Apparently,     jurors like clean water -“It is obvious from their decision, however, that they believe their fellow citizens are entitled to clean water regardless of the legal or regulatory prerogatives of nearby industrial enterprises. ….. During the trial, Cabot also showed there was no proven physical connection underground between its gas wells and the water wells.”

Post Trial Motions and other Actions (Please Note this is a Cabot Page) , but it is worth reading.  Again I am looking forward to reading the actual transcripts of the case because the quotes from the site are very interesting.    If you are aware of a plaintiff website with their time line and info – please share so we can add a link.   Document that indicates it was a summary of fact.   (Again – if there is a plaintiff website with content – please share).

 

Just some thoughts

  1. It is critical to conduct proper baseline testing – new phone app describes this process – Know  Your H20? “Baseline Testing“.
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Valley View Holds First High School Energy Fair Archbald Pennsylvania

Northeastern Pennsylvania gas companies went to Valley View High School in Lackawanna County to sponsor an energy fair introducing youth to energy careers.

The growth and dedication that has been displayed between the natural gas industry and educational institutions over the years has been staggering. While much of that relationship has been amongst local area colleges, high schools have been becoming closely involved too, as evidenced by the Energy Education Program offered at Valley View High School in Archbald.”

As this blog has noted before, the Energy Education Program offered by Valley View is the first of its kind in the state, as it brings energy-specific curriculum to the high school level and was developed as a collaboration between industry experts and school officials. The course covers nine different types of energy and regularly features speakers from the various industries.

But on Friday, Dec. 18, Valley View took the next big step in its program and hosted its first Energy Fair, which was planned and organized by the Energy Education Program class.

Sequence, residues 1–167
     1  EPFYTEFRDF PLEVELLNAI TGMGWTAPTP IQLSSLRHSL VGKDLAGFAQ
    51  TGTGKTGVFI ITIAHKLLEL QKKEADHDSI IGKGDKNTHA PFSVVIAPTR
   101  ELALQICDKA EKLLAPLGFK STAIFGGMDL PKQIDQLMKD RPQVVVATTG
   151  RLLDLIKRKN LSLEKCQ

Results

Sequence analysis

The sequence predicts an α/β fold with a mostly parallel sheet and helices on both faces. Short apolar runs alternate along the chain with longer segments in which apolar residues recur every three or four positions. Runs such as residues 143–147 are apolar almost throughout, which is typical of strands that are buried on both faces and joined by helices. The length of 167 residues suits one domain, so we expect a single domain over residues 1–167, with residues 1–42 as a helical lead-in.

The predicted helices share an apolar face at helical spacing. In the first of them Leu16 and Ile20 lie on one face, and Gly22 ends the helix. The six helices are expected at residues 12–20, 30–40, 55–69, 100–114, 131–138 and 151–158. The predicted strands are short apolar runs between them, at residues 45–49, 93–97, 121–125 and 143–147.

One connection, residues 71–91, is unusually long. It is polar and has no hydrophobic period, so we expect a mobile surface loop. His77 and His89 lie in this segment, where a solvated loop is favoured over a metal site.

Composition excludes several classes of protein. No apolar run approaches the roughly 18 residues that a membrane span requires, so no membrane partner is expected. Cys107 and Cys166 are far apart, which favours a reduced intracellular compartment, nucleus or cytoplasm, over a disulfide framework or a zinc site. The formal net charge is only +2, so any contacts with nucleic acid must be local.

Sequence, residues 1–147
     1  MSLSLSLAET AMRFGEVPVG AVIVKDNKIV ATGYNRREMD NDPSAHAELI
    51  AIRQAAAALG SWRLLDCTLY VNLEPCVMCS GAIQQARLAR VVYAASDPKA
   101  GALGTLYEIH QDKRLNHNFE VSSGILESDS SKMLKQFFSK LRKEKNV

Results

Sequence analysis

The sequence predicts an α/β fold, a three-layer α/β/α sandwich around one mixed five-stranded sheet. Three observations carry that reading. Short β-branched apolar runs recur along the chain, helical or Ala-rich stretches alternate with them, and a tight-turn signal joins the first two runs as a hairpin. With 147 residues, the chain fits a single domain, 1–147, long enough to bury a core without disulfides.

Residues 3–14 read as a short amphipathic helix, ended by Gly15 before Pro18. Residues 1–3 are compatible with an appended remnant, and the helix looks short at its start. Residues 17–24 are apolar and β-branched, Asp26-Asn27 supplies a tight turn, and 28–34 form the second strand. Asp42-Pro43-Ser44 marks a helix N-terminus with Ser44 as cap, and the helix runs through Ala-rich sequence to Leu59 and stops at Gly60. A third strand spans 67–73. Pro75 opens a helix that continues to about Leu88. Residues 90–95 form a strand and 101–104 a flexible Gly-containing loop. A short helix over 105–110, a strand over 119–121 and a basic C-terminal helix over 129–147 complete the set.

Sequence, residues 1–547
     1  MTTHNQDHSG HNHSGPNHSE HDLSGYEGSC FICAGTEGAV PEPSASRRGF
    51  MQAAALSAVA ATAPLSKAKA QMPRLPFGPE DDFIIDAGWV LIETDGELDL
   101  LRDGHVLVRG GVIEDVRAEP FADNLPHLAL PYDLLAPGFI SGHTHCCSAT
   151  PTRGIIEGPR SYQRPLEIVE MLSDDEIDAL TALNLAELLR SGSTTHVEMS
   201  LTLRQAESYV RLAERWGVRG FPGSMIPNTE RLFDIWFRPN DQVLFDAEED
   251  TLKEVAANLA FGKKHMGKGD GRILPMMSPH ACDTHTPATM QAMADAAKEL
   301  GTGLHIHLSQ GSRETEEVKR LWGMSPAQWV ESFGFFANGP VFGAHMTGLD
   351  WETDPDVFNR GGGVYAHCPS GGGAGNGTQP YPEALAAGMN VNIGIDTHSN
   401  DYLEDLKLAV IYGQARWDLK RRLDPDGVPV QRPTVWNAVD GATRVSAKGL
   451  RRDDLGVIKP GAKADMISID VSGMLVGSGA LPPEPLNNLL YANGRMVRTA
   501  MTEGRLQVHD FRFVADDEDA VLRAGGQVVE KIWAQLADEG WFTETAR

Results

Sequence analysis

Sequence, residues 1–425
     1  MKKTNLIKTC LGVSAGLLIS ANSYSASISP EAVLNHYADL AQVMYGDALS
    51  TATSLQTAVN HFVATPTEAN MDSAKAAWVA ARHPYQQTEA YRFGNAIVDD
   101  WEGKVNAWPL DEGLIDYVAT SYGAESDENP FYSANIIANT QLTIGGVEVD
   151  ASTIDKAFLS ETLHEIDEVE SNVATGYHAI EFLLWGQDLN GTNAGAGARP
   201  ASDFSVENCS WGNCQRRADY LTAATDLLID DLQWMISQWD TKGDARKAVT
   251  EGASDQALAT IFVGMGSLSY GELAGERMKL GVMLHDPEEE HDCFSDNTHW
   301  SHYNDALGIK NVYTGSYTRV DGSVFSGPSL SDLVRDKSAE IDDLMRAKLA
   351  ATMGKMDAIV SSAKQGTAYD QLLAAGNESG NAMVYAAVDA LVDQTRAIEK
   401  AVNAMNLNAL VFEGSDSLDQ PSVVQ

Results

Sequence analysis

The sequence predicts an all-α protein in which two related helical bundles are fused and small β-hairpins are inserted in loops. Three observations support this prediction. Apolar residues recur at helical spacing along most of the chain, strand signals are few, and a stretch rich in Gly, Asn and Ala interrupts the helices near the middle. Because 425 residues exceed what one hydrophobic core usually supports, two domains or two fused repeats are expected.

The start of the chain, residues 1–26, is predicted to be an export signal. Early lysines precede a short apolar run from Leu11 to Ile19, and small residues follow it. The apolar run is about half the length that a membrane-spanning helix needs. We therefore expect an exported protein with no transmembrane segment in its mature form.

Read More about the Event and Program

We were planning to go to the event, but the presenter became ill.  Prior to the event, we did conduct training and educational course on energy conservation and Geothermal Energy.

Presentation on Sustainability Training (pdf)
Our Presentation on Careers in Energy – The Great Earth Engine (pdf)

More training Opportunities in Energy and the Environment

 How you can help the Keystone Clean Water Team ! Trying to encourage a positive change in Pennsylvania.

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Energy Industry in Northeast Pennsylvania

The Speakers conference on growing Pennsylvania industries and business activity around and beyond the drilling of Marcellus Shale gas. The overall theme of this conference is how Pennsylvania – specifically the Northeast and North central regions – can take advantage of Natural Gas resources to build a thriving, diverse economy that will not only weather the ups and downs of commodity prices, but will last for generations to come.

The event will be held on the campus of the Keystone College, just west of the city of Scranton. Full details are below:

 The Energy Industry in Northeast Pennsylvania: Local Benefits and Downstream Development

Keystone College, Brooks Hall Theatre
One College Green
La Plume, PA 18440
Thursday, May 14, 2015
9:00 am – 12:00 pm

The event will feature a series of speakers who will share a variety of perspectives regarding the development of the industry, its impact on local business and job growth, and the potential for future downstream development.

Representatives from local business, government, and education will all be present. Topics may include:

Local business role in the Marcellus supply chain
The benefits of affordable natural gas to manufacturing
Contributions to local government revenues
Job training
Natural gas vehicles and fuels

To Register for this event.

Everything we do began with an idea.

We have offered “Free” Assistance to this effort, but if you are a private well owner that needs assistance we are happy to help.

We realize your time is precious and the world is hectic. CCGG’s volunteers do only what they’re comfortable with. It can be a little or a lot.  Get YOUR WATER Tested – Discounted Screening Tests !

For more information, please go to CCGG’s About Page or contact us.  Follow us on Twitter 

Keystone Clean Water Team is a 501(c)(3) IRS approved nonprofit, volunteer organization and your donation is tax deductible to the extent allowed by law.    Unsolicited donations are appreciated (Helps us complete our mission), but we also do local educational workshops and local cellphone/small electronic recycling programs. If you would like to set up a program to help recycle cellphones at an event, business, or other organization.  Through our program we can recycle  cell phones, iPods, game systems, and small digital cameras.  If your interested, please contact us.  Our new PSAs.